Each of us will walk in the Bardo, see the light which permeates all things. What we learn there and where we go next depends upon what we make of this lifetime, this incarnation. Our destinations are not all the same.
For weeks afterwords I walk through the world homesick. My house does not feel like my home. My friends seem like strangers to me. I am alien, out of touch with all that made me my self. Is this how madness feels?
There was a playlist of music on my computer that I had worked on for three years. I knew it was important but it would never come together. I compulsively added and subtracted from it, mixed it, threw away every previous draft. Then, one night after DMT, I sat down at my computer and added the Ravi Shankar track that had been playing during my trip. I instantly went to my hard drive and grabbed a few other tracks that had been right in front of me the whole time. I set up my mixer and recorded “Walking in the Bardo” in one take. It was an out of body experience—an experience with art that I have rarely known before or since.
Even now when I listen to this mix, it feels like another hand made it. If I die and you are left to put together my funeral, please play this and skip the preaching.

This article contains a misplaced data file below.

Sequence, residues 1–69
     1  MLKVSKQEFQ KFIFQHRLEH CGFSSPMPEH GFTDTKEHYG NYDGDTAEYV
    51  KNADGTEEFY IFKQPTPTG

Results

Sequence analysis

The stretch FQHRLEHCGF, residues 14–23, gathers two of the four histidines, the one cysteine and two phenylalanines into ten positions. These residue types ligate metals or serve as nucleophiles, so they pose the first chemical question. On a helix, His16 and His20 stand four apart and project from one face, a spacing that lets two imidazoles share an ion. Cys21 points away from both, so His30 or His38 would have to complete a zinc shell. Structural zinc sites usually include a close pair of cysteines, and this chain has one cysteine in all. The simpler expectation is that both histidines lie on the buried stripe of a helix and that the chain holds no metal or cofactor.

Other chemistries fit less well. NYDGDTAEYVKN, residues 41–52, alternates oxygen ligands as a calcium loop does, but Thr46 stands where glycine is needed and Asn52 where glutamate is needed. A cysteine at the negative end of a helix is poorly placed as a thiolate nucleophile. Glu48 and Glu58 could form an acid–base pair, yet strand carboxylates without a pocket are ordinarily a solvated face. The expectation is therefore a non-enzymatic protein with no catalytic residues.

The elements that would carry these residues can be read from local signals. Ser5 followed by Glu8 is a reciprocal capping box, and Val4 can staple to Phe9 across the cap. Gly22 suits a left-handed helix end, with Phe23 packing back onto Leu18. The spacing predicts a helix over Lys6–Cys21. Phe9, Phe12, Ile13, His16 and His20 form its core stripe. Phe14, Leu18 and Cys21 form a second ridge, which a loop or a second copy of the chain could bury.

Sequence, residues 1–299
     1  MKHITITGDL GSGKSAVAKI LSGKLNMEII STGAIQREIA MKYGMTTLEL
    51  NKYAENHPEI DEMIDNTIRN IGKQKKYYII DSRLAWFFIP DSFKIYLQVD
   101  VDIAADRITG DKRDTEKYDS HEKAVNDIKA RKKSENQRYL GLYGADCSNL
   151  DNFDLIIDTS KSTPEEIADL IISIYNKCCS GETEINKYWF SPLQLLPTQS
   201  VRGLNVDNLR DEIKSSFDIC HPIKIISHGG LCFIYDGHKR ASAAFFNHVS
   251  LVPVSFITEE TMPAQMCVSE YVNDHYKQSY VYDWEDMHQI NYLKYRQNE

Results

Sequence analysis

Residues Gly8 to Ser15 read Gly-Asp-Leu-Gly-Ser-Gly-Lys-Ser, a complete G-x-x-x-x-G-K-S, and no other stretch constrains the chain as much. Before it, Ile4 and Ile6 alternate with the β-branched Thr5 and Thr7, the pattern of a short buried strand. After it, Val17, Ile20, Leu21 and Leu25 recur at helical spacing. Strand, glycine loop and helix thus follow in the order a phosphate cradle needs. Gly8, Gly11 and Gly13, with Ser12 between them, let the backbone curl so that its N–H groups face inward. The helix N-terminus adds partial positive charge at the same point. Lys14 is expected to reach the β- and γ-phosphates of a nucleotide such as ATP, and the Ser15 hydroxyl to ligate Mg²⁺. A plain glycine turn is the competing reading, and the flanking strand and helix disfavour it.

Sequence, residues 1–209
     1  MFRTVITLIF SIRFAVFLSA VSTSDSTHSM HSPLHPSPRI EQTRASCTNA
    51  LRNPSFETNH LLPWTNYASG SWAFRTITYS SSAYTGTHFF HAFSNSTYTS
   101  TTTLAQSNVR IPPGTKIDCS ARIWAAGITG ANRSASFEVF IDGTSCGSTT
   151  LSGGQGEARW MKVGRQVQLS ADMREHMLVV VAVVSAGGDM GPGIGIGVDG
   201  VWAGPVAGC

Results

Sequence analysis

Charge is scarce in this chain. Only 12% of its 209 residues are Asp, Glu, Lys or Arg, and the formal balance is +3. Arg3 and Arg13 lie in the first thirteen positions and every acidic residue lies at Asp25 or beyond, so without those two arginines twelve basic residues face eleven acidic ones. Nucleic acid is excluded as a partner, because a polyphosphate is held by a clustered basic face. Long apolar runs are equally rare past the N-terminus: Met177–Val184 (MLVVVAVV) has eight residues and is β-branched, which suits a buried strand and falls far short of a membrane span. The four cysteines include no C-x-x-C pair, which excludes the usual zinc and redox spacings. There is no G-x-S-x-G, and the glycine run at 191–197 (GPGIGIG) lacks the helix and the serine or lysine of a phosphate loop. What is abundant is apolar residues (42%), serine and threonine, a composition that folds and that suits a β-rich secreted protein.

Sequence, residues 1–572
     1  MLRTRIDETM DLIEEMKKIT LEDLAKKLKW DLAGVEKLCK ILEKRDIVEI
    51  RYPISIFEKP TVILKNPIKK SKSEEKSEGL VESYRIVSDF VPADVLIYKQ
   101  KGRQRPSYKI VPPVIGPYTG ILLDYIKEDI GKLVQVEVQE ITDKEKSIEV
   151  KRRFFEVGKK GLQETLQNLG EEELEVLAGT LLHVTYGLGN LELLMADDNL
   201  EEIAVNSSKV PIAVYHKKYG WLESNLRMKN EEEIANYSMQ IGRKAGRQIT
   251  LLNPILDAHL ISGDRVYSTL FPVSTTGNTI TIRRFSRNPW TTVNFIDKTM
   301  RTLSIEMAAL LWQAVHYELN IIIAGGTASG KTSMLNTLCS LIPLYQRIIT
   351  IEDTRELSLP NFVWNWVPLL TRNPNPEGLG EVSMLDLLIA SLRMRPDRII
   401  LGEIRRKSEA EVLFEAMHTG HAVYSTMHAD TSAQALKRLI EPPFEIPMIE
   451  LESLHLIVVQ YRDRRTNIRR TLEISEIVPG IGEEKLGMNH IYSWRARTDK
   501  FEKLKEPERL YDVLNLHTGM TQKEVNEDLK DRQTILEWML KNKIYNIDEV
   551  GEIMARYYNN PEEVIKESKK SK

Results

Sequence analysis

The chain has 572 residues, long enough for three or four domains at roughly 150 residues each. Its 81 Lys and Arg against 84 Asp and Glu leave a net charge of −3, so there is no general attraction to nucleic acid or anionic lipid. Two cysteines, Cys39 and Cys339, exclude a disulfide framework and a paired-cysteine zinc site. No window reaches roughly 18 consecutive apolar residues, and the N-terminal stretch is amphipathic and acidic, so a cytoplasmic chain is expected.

Transcendence comes at a cost. Not all who travel in these realms can come back to the material world and find their way.
Six years later the yard, the house, my husband, my profession, and my wealth would all be taken from me. I will be starting over by trying to speak through broken glass.
That spring all the poppies bloomed at the same time and were not bothered by the rains. We went out seeking transcendence, but madness followed us home.
Raga Kausi Kanhra by Ravi Shankar
Laida and Mikel looking for rhymes. (Basque, Laida Juanikorena Agirre, Mikel Azcona) by Alessandro Bosetti
Lunar Cement Sidewalk by Nurse With Wound
Mantra by Tool
Akan Drumming Pan by African Orchestra
Bizness by tUnE-yArDs
Tunnels by People of the North
Never been to Konono by aboombong
Death is not final by Shackleton
I Want To Go Home by James
Infra 5 by Max Richter